With my oldest daughter turning four years old, the age where we begin homeschooling in earnest is looming. One of the biggest obstacles to homeschooling is quite simple: how do I teach what I do not know? My math and Hebrew skills will only be passable for the first few years of instruction. I will be working on those.
The method we plan on using, named after the educator whose writing it is based on, Charlotte Mason, suggests hours of outdoors activity per day, complete with keeping a nature journal. Thus, I’ve begun keeping my own nature journal, trying to teach myself art and “outdoorsy” stuff, like the names of plants, trees, and birds. Mason also recommends art appreciation and handicrafts in the curriculum, which means I’ve been teaching myself that as well.
A Desire for ‘A Liberal Education’
Although I attended relatively good schools, I am struck by how inadequate my education was in so many areas. In his biography of Winston Churchill, Martin Gilbert paraphrased a letter Churchill sent home to his mother about why, at age 21, he planned to hire a tutor for himself. Churchill said, “The desultory reading I have so far indulged in has only resulted in a jumble of disconnected & ill-assorted facts.”
Gilbert goes on to paraphrase Churchill: “Something ‘more literary and less material would be the sort of mental medicine I need.’ All his life, he explained… he had received a ‘purely technical’ education aimed at passing some approaching examination. ‘As a result my mind has never received the polish which for instance Oxford or Cambridge gives. At these places one studies questions and sciences with a rather higher object than mere practical utility. One receives in fact a liberal education.”
That liberal education is precisely what I intend to impart on my children and what drew me to the Charlotte Mason method. What fills me with the most nervousness about homeschooling isn’t the stuff I don’t know (I can teach myself fifth grade math), but the weighty task of an education in faith. Not just how to parse through the week’s Torah portion or how to pray using a Hebrew prayer book, but actual faith.
‘He Can Present the Idea of God to the Soul of the Child’
I was raised by an agnostic Catholic mother (my Jewish father was largely absent, yet I adopted his faith as my own) and was never given any solid instruction in religion, let alone faith. I was told as a child that Jews were “people of the Book,” and not realizing what “the Book” was, I assumed it referred to the bookishness of the many Jewish people I knew. I loved books, and thus declared myself Jewish. My mother went along with my pronouncement, but did little in the way of educating me in either Judaism or Catholicism.
Despite being raised somewhat adrift religiously, I found myself holding a strong belief in God. It came in the form of seeing sunsets, at ultrasound appointments for my children in which every single component necessary for life fell into place perfectly. Life and beauty are no accident, of this I am sure. But the question remained: how does one teach faith?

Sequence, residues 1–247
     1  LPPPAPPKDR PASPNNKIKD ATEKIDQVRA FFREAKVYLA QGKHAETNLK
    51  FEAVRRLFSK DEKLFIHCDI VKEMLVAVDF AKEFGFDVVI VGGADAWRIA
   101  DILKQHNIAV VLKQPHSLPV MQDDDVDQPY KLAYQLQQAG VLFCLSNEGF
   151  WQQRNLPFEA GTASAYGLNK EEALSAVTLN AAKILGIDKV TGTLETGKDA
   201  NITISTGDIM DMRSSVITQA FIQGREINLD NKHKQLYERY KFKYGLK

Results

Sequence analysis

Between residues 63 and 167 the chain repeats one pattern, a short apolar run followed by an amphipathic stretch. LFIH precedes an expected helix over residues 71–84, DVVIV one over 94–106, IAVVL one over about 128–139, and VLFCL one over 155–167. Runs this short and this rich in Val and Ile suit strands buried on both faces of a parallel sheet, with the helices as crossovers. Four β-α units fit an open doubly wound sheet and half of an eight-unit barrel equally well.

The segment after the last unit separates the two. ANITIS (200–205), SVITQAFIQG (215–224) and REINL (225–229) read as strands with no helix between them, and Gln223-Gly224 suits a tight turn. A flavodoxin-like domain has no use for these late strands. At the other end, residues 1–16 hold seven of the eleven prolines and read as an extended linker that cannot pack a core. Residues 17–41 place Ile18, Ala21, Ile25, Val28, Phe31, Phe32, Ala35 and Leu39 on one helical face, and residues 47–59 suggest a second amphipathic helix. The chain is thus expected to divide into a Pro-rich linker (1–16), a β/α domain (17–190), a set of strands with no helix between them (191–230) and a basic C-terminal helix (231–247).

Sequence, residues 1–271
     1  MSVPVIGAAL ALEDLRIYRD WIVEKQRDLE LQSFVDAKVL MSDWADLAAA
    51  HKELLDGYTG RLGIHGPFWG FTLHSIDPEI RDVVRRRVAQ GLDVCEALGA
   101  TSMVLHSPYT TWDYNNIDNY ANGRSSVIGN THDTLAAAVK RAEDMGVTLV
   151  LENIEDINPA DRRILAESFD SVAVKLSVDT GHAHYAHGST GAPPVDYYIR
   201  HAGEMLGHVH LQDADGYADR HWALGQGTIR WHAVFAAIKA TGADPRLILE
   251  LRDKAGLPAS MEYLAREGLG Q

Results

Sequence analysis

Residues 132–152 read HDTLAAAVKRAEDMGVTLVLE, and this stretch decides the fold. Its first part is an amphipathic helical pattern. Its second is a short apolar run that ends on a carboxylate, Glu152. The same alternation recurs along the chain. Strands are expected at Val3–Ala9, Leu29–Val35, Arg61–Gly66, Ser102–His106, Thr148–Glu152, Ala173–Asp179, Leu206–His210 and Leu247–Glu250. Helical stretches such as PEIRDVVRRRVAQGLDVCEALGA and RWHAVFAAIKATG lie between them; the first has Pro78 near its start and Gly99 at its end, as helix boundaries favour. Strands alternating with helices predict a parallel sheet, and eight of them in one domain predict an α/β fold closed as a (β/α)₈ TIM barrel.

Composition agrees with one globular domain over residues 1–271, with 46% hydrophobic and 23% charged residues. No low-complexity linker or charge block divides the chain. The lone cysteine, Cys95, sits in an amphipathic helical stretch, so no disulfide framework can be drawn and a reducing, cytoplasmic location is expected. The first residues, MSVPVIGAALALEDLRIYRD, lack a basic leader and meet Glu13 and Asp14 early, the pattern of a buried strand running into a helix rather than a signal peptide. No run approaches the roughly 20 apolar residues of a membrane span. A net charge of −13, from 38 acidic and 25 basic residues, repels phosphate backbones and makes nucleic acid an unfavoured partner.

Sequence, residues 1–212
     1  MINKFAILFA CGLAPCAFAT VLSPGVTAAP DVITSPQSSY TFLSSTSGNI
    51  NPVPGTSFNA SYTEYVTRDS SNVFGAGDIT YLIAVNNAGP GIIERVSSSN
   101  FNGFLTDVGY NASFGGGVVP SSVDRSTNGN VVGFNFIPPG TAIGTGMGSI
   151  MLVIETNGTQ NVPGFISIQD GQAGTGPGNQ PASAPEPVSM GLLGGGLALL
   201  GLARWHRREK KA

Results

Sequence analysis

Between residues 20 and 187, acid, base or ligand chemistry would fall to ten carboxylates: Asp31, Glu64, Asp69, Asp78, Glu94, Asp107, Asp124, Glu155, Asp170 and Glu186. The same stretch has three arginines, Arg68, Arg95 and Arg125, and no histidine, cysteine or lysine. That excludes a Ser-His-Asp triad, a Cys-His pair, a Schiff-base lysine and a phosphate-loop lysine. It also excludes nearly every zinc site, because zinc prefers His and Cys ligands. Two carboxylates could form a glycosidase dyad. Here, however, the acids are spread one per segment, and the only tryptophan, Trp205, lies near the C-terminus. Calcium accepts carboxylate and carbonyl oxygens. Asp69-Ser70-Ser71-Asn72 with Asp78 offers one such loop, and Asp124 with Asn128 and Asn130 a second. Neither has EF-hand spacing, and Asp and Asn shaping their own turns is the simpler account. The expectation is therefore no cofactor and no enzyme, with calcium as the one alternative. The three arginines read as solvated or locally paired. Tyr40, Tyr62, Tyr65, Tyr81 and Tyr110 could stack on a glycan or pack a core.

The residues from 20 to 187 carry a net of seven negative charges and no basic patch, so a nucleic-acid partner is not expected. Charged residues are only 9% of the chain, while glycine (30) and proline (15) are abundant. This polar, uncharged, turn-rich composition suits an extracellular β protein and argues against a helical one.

Recently, while reading Mason’s first volume in her homeschooling series, entitled “Home Education,” I got my answer. Mason writes,
But what can the parent do? Just this, and no more: he can present the idea of God to the soul of the child. Here, as throughout his universe, Almighty God works by apparently inadequate means. Who would say that a bee can produce apple trees? Yet a bee flies from an apple tree laden with the pollen of its flowers: this it unwittingly deposits on the stigmas of the flowers of the next tree it comes to. The bee goes, but the pollen remains, but with all the length of the style between it and the immature ovule below. That does not matter; the ovule has no power to reach the pollen grain, but the latter sends forth a slender tube, within the tube of the style; the ovule is reached; behold, then, the fruit, with its seed, and, if you like, future apple trees! Accept the parable: the parent is little better in this matter than the witless bee; it is his parent to deposit, so to speak, within reach of the soul of the child some fruitful idea of God; the immature soul makes no effort towards that idea, but the living Word reaches down, touches the soul, – and there is life; growth and beauty, flower and fruit.
Is it really that simple? I wondered. You just present the idea of God, without explanation, and the child just intrinsically knows?
We’ve presented the idea in various ways: we tell our children HaShem (a name for God in Judaism) put a baby in mommy’s belly along with their father; that daddy talks to HaShem when he prays and thanks him for all of our good health and more; we ask HaShem to help whomever is in an ambulance speeding by to help them get better soon. But we’ve never actually explained what, or who, exactly HaShem is. Are we doing an adequate job?
Then our daughter answered us. While looking at photos of my husband and me before our children were born, she informed him “This was before me and my brothers were born, before we were in mommy’s belly, when we were still with HaShem.”
Sunsets and the way human life, in all its complexities, exists is for me proof of God alone. Yet my not even four-year-old daughter provided another proof of his existence: by merely presenting the idea of God alone, without further explanation, she knows him. His role in the universe and in her life is already imprinted on her brain and in her soul.
I’ve come to realize how much personal growth and learning I must do to be an adequate homeschool mother. I’ve come to realize, though, that on faith, it may be my children doing some of the teaching.